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Title: Nuclear imprisonment of host cellular mRNA by nsp1β protein of porcine reproductive and respiratory syndrome virus

Abstract

Positive-strand RNA genomes function as mRNA for viral protein synthesis which is fully reliant on host cell translation machinery. Competing with cellular protein translation apparatus needs to ensure the production of viral proteins, but this also stifles host innate defense. In the present study, we showed that porcine reproductive and respiratory syndrome virus (PRRSV), whose replication takes place in the cytoplasm, imprisoned host cell mRNA in the nucleus, which suggests a novel mechanism to enhance translation of PRRSV genome. PRRSV nonstructural protein (nsp) 1β was identified as the nuclear protein playing the role for host mRNA nuclear retention and subversion of host protein synthesis. A SAP (SAF-A/B, Acinus, and PIAS) motif was identified in nsp1β with the consensus sequence of {sub 126}-LQxxLxxxGL-{sub 135}. In situ hybridization unveiled that SAP mutants were unable to cause nuclear retention of host cell mRNAs and did not suppress host protein synthesis. In addition, these SAP mutants reverted PRRSV-nsp1β-mediated suppression of interferon (IFN) production, IFN signaling, and TNF-α production pathway. Using reverse genetics, a series of SAP mutant PRRS viruses, vK124A, vL126A, vG134A, and vL135A were generated. No mRNA nuclear retention was observed during vL126A and vL135A infections. Importantly, vL126A and vL135A did not suppressmore » IFN production. For other arteriviruses, mRNA nuclear accumulation was also observed for LDV-nsp1β and SHFV-nsp1β. EAV-nsp1 was exceptional and did not block the host mRNA nuclear export. - Highlights: •PRRS virus blocks host mRNA nuclear export to the cytoplasm. •PRRSV nsp1β is the viral protein responsible for host mRNA nuclear retention. •SAP domain in nsp1β is essential for host mRNA nuclear retention and type I interferon suppression. •Mutation in the SAP domain of nsp1β causes the loss of function. •Host mRNA nuclear retention by nsp1β is common in the family Arteriviridae, except equine arteritis virus.« less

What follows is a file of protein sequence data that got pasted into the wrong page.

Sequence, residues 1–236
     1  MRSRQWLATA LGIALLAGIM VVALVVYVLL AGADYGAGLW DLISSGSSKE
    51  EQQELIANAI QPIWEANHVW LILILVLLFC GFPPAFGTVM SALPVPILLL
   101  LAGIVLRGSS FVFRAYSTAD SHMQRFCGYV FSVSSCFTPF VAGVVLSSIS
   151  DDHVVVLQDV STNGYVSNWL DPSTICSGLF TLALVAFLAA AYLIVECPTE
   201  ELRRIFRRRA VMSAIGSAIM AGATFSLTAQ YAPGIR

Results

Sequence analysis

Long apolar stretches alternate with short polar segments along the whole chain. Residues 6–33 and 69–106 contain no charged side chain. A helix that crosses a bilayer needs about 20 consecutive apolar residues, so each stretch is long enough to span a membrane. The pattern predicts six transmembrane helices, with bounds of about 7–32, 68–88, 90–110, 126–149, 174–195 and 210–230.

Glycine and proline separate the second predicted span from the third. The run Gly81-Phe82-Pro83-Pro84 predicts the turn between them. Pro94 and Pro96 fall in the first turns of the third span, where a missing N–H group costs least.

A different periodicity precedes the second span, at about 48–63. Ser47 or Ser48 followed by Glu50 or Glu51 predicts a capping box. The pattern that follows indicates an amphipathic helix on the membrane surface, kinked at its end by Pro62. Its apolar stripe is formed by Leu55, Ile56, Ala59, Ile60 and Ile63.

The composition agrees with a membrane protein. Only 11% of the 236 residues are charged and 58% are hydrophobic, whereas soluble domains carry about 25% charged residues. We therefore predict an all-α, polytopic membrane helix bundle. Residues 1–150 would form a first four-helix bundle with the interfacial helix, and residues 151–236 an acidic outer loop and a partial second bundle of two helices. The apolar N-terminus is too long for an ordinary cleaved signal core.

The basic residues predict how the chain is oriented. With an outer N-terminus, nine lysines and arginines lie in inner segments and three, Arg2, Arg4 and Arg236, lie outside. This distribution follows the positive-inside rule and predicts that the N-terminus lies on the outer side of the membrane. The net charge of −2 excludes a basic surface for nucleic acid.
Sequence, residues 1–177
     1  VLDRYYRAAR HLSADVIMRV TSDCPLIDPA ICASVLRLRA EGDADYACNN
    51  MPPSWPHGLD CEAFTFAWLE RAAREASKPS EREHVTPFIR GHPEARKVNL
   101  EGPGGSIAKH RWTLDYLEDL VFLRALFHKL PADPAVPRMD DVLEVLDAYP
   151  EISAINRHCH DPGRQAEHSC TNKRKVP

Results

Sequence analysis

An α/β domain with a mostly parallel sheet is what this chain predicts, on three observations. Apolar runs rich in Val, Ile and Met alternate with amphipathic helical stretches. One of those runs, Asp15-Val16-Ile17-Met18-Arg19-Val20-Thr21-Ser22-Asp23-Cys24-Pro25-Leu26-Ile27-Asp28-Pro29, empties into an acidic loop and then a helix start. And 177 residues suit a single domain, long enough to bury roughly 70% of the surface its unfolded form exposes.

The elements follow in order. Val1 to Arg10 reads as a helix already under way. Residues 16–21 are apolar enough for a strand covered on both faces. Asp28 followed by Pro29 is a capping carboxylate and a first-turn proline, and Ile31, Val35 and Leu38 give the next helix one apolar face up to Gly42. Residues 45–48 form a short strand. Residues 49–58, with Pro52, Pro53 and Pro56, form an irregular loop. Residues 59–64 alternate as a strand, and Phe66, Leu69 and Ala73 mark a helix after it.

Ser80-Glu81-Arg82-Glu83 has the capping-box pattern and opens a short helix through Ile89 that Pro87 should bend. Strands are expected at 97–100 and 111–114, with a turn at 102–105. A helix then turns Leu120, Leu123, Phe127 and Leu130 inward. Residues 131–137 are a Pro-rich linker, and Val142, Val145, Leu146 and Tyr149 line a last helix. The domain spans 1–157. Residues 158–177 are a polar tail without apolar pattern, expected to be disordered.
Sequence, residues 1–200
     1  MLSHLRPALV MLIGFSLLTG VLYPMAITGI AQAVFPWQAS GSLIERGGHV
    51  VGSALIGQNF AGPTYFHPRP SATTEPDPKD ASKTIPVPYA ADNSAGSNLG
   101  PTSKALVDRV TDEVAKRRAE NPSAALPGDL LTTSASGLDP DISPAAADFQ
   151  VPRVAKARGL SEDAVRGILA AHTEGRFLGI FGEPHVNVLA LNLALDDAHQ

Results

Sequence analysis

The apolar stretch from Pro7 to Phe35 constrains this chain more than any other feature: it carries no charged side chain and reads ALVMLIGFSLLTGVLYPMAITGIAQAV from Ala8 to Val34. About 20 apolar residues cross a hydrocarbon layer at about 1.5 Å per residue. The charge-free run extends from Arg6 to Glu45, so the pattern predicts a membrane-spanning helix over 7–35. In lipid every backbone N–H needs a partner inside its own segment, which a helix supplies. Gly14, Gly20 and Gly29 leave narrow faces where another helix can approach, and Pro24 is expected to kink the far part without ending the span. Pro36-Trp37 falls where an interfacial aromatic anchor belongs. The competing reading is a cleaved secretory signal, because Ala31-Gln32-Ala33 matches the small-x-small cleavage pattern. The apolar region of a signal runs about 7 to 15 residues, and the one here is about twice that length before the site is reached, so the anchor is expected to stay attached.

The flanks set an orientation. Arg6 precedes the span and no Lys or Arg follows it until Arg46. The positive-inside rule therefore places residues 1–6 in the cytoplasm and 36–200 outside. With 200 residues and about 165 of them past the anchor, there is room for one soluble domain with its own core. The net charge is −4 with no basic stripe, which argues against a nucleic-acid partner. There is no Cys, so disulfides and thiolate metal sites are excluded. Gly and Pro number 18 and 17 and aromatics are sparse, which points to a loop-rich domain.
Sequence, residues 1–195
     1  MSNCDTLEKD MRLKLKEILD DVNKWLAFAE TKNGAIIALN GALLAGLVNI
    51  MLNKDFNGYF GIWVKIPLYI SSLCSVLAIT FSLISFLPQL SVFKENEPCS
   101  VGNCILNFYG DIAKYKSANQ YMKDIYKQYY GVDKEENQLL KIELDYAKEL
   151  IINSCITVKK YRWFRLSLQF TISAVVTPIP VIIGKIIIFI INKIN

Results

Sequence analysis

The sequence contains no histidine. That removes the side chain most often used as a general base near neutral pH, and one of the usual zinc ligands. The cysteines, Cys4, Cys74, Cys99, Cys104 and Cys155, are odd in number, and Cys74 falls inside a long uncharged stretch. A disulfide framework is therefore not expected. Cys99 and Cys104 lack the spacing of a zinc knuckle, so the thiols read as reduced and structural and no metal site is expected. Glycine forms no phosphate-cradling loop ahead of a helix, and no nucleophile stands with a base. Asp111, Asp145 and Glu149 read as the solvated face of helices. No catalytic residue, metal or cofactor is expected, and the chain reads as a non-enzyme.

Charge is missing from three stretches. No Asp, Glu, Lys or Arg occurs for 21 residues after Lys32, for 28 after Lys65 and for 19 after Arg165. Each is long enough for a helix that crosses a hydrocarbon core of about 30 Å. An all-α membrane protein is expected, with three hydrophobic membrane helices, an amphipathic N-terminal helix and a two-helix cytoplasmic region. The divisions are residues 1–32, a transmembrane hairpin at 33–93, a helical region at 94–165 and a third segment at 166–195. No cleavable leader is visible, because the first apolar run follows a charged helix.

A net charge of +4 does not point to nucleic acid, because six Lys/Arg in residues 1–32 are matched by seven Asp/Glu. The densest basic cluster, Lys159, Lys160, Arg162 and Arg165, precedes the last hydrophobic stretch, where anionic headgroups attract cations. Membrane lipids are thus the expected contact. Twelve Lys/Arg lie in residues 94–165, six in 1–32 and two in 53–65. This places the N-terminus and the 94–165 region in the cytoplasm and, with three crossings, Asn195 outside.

Authors:
; ; ;
Publication Date:
OSTI Identifier:
22692248
Resource Type:
Journal Article
Journal Name:
Virology
Additional Journal Information:
Journal Volume: 505; Other Information: Copyright (c) 2017 Elsevier Science B.V., Amsterdam, The Netherlands, All rights reserved.; Country of input: International Atomic Energy Agency (IAEA); Journal ID: ISSN 0042-6822
Country of Publication:
United States
Language:
English
Subject:
60 APPLIED LIFE SCIENCES; CYTOPLASM; GENETICS; HOST; INHIBITION; IN-SITU HYBRIDIZATION; INTERFERON; MESSENGER-RNA; MUTANTS; PATHOGENESIS; RETENTION; VIRUSES

Citation Formats

Han, Mingyuan, Ke, Hanzhong, Zhang, Qingzhan, and Yoo, Dongwan. Nuclear imprisonment of host cellular mRNA by nsp1β protein of porcine reproductive and respiratory syndrome virus. United States: N. p., 2017. Web. doi:10.1016/J.VIROL.2017.02.004.
Han, Mingyuan, Ke, Hanzhong, Zhang, Qingzhan, & Yoo, Dongwan. Nuclear imprisonment of host cellular mRNA by nsp1β protein of porcine reproductive and respiratory syndrome virus. United States. doi:10.1016/J.VIROL.2017.02.004.
Han, Mingyuan, Ke, Hanzhong, Zhang, Qingzhan, and Yoo, Dongwan. Mon . "Nuclear imprisonment of host cellular mRNA by nsp1β protein of porcine reproductive and respiratory syndrome virus". United States. doi:10.1016/J.VIROL.2017.02.004.
@article{osti_22692248,
title = {Nuclear imprisonment of host cellular mRNA by nsp1β protein of porcine reproductive and respiratory syndrome virus},
author = {Han, Mingyuan and Ke, Hanzhong and Zhang, Qingzhan and Yoo, Dongwan},
abstractNote = {Positive-strand RNA genomes function as mRNA for viral protein synthesis which is fully reliant on host cell translation machinery. Competing with cellular protein translation apparatus needs to ensure the production of viral proteins, but this also stifles host innate defense. In the present study, we showed that porcine reproductive and respiratory syndrome virus (PRRSV), whose replication takes place in the cytoplasm, imprisoned host cell mRNA in the nucleus, which suggests a novel mechanism to enhance translation of PRRSV genome. PRRSV nonstructural protein (nsp) 1β was identified as the nuclear protein playing the role for host mRNA nuclear retention and subversion of host protein synthesis. A SAP (SAF-A/B, Acinus, and PIAS) motif was identified in nsp1β with the consensus sequence of {sub 126}-LQxxLxxxGL-{sub 135}. In situ hybridization unveiled that SAP mutants were unable to cause nuclear retention of host cell mRNAs and did not suppress host protein synthesis. In addition, these SAP mutants reverted PRRSV-nsp1β-mediated suppression of interferon (IFN) production, IFN signaling, and TNF-α production pathway. Using reverse genetics, a series of SAP mutant PRRS viruses, vK124A, vL126A, vG134A, and vL135A were generated. No mRNA nuclear retention was observed during vL126A and vL135A infections. Importantly, vL126A and vL135A did not suppress IFN production. For other arteriviruses, mRNA nuclear accumulation was also observed for LDV-nsp1β and SHFV-nsp1β. EAV-nsp1 was exceptional and did not block the host mRNA nuclear export. - Highlights: •PRRS virus blocks host mRNA nuclear export to the cytoplasm. •PRRSV nsp1β is the viral protein responsible for host mRNA nuclear retention. •SAP domain in nsp1β is essential for host mRNA nuclear retention and type I interferon suppression. •Mutation in the SAP domain of nsp1β causes the loss of function. •Host mRNA nuclear retention by nsp1β is common in the family Arteriviridae, except equine arteritis virus.},
doi = {10.1016/J.VIROL.2017.02.004},
journal = {Virology},
issn = {0042-6822},
number = ,
volume = 505,
place = {United States},
year = {2017},
month = {5}
}